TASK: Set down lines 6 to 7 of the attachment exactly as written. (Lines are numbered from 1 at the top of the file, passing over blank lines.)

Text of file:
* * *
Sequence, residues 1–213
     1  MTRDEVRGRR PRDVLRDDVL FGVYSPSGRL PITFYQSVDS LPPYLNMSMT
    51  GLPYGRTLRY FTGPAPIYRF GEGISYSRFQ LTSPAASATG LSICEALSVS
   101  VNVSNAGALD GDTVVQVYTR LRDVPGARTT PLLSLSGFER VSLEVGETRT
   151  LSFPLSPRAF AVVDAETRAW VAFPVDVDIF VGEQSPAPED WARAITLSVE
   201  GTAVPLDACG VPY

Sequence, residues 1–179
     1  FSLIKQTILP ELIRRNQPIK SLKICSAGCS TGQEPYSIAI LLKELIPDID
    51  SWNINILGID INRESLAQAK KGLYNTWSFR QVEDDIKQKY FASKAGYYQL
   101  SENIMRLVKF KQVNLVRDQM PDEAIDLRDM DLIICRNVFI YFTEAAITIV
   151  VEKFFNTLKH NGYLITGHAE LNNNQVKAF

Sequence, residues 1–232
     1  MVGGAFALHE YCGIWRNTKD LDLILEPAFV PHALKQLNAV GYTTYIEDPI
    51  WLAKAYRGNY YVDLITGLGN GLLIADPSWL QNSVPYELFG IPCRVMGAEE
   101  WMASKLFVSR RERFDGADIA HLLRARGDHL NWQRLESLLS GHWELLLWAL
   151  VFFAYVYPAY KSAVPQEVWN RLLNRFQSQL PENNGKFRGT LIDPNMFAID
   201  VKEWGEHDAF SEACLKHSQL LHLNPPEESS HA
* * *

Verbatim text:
   201  GTAVPLDACG VPY

Sequence, residues 1–179